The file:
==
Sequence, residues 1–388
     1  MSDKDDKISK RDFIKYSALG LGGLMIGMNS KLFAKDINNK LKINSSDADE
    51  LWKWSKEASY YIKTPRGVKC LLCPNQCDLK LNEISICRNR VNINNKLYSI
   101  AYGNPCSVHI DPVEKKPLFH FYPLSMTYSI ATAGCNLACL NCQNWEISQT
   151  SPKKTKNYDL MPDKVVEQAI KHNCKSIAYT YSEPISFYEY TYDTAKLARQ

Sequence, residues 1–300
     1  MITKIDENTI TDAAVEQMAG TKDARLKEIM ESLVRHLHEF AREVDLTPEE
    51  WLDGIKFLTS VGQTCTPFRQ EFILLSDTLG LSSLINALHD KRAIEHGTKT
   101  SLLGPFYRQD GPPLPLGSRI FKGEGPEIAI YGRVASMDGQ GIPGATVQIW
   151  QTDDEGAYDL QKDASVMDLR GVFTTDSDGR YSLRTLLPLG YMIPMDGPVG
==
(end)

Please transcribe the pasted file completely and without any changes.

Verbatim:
Sequence, residues 1–388
     1  MSDKDDKISK RDFIKYSALG LGGLMIGMNS KLFAKDINNK LKINSSDADE
    51  LWKWSKEASY YIKTPRGVKC LLCPNQCDLK LNEISICRNR VNINNKLYSI
   101  AYGNPCSVHI DPVEKKPLFH FYPLSMTYSI ATAGCNLACL NCQNWEISQT
   151  SPKKTKNYDL MPDKVVEQAI KHNCKSIAYT YSEPISFYEY TYDTAKLARQ

Sequence, residues 1–300
     1  MITKIDENTI TDAAVEQMAG TKDARLKEIM ESLVRHLHEF AREVDLTPEE
    51  WLDGIKFLTS VGQTCTPFRQ EFILLSDTLG LSSLINALHD KRAIEHGTKT
   101  SLLGPFYRQD GPPLPLGSRI FKGEGPEIAI YGRVASMDGQ GIPGATVQIW
   151  QTDDEGAYDL QKDASVMDLR GVFTTDSDGR YSLRTLLPLG YMIPMDGPVG